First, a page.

Jun 15, 2021

How to Get Kids Excited About Bees

Mandy Shaw is a Portland-based beekeeper and Swarm Director of the Portland Urban Beekeepers Association. She is also host of the podcast Beekeeper Confidential podcast and founder of Bella Beek handcrafted beekeeping tools. As a bee advocate, rescuer and parent, Mandy often visits local schools to teach kids all about the importance of bees, how to appreciate pollinators, and protect them from harm for a more sustainable world. Here is guidance from Mandy’s toolkit for teaching kids about bees - teachers, please feel free to use these materials with your students!

In a world of readily available technology to keep our minds occupied, it is more important than ever to remind kids about the importance of getting out into the world and discovering one of the superheroes of environmental engineering: Bees!

Bees image

Photo by Mandy Shaw

More often than not when I first ask kids what they know about bees, their answers include stories of themselves or someone they care about being stung. My goal is to give them a new perspective about bees, and more importantly share some simple ways that they can help their local pollinator populations.

Because time in the classroom can be limited, here are my best tips for getting the most out of your session. It can be very helpful to have the students vote on their most important questions before your visit. It’s also beneficial to know your students, what they are learning about that week and if pollinators fit with that subject. I try to cater my visit to the needs of the classroom. For example, if they are learning about biology I may bring visuals showing the life cycle of social honey bees compared with the life cycles of solitary bees.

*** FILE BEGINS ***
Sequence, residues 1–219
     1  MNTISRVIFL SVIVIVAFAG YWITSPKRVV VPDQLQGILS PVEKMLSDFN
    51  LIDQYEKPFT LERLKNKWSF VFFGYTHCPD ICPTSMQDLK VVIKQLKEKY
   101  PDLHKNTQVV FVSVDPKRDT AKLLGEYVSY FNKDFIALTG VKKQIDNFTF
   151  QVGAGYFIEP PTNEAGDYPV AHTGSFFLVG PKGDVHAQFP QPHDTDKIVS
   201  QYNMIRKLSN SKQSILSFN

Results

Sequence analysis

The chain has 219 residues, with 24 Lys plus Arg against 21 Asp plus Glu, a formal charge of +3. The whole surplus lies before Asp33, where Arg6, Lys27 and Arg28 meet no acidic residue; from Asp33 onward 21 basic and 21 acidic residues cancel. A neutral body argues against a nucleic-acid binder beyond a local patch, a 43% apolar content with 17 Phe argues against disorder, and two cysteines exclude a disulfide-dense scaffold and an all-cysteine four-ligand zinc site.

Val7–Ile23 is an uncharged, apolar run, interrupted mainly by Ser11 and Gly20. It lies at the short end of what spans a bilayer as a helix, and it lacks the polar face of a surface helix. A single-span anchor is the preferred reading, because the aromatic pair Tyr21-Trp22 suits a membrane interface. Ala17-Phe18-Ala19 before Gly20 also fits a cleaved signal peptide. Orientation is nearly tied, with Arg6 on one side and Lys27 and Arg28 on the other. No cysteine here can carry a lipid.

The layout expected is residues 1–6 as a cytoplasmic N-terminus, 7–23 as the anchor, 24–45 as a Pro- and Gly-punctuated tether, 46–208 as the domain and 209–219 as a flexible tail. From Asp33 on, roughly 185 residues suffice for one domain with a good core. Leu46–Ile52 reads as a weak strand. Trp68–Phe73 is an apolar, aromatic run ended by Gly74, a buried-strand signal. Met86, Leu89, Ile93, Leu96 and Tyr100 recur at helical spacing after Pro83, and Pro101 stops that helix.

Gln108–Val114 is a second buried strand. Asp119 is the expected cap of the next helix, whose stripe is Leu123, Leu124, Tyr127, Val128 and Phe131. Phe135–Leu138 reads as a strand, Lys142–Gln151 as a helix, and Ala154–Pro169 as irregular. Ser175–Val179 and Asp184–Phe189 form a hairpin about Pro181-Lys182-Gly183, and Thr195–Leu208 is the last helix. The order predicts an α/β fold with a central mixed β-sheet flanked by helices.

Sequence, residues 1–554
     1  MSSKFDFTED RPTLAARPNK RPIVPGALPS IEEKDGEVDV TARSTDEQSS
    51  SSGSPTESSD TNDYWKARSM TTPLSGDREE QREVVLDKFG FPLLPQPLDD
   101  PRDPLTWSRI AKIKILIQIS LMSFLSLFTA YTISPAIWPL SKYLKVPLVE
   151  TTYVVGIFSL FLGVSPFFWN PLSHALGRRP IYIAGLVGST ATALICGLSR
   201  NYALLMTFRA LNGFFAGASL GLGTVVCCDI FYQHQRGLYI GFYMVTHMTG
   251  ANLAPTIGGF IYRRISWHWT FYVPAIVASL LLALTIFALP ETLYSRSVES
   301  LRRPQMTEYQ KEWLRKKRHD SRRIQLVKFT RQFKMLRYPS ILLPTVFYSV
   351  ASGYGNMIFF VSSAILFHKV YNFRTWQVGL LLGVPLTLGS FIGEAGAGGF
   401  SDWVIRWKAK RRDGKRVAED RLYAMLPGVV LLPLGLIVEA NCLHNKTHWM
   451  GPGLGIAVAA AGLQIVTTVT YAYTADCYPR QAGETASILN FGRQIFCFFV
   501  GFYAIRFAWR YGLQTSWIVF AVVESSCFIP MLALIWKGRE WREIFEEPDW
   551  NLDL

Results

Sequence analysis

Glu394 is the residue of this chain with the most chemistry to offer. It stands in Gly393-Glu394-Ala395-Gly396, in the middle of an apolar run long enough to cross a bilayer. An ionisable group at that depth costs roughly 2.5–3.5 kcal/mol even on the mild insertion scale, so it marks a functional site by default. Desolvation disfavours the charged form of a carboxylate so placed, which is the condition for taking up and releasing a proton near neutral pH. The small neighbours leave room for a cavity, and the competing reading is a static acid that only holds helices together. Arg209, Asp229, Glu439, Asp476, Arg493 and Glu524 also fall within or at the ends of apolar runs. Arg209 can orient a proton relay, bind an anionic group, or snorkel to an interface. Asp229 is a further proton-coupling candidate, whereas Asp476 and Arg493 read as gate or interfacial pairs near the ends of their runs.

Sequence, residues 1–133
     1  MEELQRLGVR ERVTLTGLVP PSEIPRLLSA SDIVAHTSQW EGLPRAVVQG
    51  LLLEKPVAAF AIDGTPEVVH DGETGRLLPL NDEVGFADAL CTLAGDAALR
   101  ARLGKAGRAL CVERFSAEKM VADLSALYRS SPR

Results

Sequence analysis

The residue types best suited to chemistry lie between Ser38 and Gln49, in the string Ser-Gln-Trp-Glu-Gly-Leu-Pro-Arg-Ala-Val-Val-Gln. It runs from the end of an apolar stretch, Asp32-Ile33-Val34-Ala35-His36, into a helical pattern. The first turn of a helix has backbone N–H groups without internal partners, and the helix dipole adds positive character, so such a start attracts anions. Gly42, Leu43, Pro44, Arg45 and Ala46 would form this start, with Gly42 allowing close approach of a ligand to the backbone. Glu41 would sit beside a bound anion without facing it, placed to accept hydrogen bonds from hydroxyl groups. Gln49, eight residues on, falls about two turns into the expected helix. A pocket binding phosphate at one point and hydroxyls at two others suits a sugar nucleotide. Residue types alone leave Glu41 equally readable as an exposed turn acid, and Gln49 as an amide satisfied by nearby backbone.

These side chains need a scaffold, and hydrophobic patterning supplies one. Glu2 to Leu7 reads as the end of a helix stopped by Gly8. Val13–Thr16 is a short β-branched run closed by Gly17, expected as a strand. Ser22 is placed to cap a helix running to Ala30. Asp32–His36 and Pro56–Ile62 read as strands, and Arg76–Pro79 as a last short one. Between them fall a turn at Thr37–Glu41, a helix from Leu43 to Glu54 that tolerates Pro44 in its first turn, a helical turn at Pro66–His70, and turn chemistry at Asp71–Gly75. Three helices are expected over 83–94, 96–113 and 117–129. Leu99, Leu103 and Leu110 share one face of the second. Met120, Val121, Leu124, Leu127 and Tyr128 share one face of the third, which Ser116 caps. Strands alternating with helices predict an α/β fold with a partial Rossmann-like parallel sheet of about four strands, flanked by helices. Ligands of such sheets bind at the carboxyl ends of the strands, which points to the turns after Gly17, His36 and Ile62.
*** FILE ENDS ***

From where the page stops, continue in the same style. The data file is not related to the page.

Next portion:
Working with bees is a full sensory experience, there are sights, sounds, and smells to take in. I like to bring materials that entice the senses. If you aren’t a beekeeper and don’t have these materials in your own supply, try contacting your local beekeeping association. Many associations keep educational materials on hand to share with their community and may even have a volunteer available to help.

Bee and flower image

Photo by Mandy Shaw

My standard teaching kit includes:

  • Honey sticks for kids to enjoy
  • Beeswax in both the comb and rendered form (separated from the comb!)
  • Propolis
  • Pollen
  • Honeycomb and strained honey
  • A bee suit
  • A smoker and hive tool- kids LOVE squeezing the smoker bellows!
  • An observation hive with real bees- if the school or organization allows it
  • Pollinator friendly flower seeds to share
  • If a projector screen and computer are available, you may want to bring a short presentation like the one I created below geared towards k-5th grade students: Getting to know bees - and how you can help! (PDF)

Visiting classrooms to talk about bees with kids is an important part of my job as a beekeeper! Getting out into the community to share your bee knowledge is not only fun, it can create a lasting impression on the kids that you meet with. If you want to teach about bees but aren’t sure how to get started, try contacting your local library or school system and offer your volunteer services. Each year, I have had schools call me to come back and teach again. It brings me so much joy to share my passion for bees with younger generations who will someday take the torch and carry on the important work of preserving our bee populations.

For more educational information from Mandy, follow her on instagram @beeingmandy

Mandy profile image